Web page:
FLSA Philadelphia is subject to the overarching federal laws. The Fair Labor Standards Act (FLSA) structures much of the day-to-day standards in the workplace. As a matter of fact, FLSA standardized the 40-hour workweek, established minimum wage, implemented overtime wages, and challenged child labor rules.
When employment rights have been violated, whether unpaid overtime or FLSA exempt misclassification, contact an FLSA attorney.
What Does FLSA Do?
The Fair Labor Standards Act interacts in a number of important ways for the American employee. Basically, the FLSA ensures employees receive his or her rightful wages. Although FLSA does so much for the job holder, the most important may be offering overtime requirements for the American employee. These requirements decide whether or not an employee is eligible for FLSA overtime wage.
When an employee works over the standard 40-hour workweek, FLSA may require that he or she receives overtime wages. Over the years, misclassification and inflation have decreased the relevance of FLSA to the American working population. However, President Obama moved to create the new overtime wage laws, which were implemented on December 1, 2016. Am I eligible for overtime under the new overtime laws?
Who Enforces FLSA?
Throughout the USA, different offices work to enforce FLSA. The Philadelphia Regional Solicitor’s office moderates the regions of Pennsylvania, Maryland, Virginia, Delaware, West Virginia, and the District of Columbia for all workforce law items. However, as a whole, the Wage and Hour Division (WHD) of the U.S. Department of Labor (DOL) enforces FLSA.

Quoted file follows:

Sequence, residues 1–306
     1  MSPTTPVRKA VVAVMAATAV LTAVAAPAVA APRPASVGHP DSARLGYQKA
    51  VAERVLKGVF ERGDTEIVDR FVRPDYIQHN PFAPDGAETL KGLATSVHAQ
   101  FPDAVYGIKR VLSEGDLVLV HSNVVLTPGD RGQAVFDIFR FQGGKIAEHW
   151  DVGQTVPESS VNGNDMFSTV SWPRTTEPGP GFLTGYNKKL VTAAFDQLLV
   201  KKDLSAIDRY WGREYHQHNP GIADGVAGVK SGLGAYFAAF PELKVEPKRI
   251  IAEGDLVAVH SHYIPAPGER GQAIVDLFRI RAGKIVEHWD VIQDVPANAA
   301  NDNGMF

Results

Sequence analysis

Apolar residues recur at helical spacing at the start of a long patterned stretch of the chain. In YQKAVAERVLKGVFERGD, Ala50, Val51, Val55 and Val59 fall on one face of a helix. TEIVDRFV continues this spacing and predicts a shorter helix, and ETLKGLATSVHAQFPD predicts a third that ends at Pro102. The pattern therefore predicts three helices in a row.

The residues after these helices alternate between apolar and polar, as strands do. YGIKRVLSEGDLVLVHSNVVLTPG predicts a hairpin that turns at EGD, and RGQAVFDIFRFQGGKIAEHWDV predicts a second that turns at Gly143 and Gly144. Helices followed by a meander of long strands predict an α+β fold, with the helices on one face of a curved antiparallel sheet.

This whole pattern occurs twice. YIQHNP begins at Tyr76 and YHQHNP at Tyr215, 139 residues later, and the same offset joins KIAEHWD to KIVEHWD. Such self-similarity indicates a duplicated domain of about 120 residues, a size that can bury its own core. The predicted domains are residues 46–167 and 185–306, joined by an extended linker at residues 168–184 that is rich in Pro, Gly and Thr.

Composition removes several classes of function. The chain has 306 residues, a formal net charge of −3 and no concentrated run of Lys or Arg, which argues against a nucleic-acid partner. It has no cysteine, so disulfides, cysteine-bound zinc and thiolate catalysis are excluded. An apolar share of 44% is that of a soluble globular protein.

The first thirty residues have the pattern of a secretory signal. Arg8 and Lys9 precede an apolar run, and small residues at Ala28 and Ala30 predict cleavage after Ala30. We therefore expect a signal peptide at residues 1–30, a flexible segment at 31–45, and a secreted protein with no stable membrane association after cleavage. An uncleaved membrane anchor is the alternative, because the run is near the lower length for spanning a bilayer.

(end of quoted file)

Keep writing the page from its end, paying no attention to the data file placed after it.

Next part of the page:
The WHD focuses on private employers, federal employers, and state and local government employers. For employees who work in the executive branch, FLSA is enforced by the U.S. Office of Personnel Management while the U.S. Congress overseas the employees of the legislative branch.
Who Is Eligible For FLSA Philadelphia Overtime?
FLSA outlines a simple series of requirements to decide whether or not an employee is eligible for overtime compensation.
The requirements are based on two different aspects of an employee’s job: salary and responsibility. Basically, your weekly or yearly salary must be under a certain sum to be eligible for FLSA. When it comes to the responsibility aspect of the overtime requirements, your tasks must not fall into the professional, academic, or administrative categories. To learn more, check out the “Quick And Dirty: FLSA Overtime-Eligible Employees” section of What Is FLSA?.
If you are eligible for FLSA coverage, you will receive overtime compensation for every hour worked over 40 hours in a single workweek. Overtime pay is time and a half (1.5) pay. FLSA requires your hours be recorded for overtime wages.
Is FLSA Relevant Today?
Although FLSA solidified in 1938 with its promise to develop and protect the rights of American workers, FLSA strives to stay relevant for present and future workers. Additional amendments to the original act keep FLSA current.
FLSA improves the working lives of Americans through the below items.